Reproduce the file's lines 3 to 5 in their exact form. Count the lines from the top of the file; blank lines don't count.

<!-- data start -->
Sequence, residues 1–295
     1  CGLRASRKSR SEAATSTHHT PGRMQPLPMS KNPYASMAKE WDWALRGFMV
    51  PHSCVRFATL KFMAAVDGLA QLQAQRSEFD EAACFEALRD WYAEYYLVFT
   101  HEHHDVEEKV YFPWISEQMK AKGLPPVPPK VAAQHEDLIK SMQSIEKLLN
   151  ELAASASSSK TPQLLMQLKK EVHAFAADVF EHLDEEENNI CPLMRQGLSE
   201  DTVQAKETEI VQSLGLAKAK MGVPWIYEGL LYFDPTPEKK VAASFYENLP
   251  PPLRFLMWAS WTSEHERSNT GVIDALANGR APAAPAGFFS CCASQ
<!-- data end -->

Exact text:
    51  PHSCVRFATL KFMAAVDGLA QLQAQRSEFD EAACFEALRD WYAEYYLVFT
   101  HEHHDVEEKV YFPWISEQMK AKGLPPVPPK VAAQHEDLIK SMQSIEKLLN
   151  ELAASASSSK TPQLLMQLKK EVHAFAADVF EHLDEEENNI CPLMRQGLSE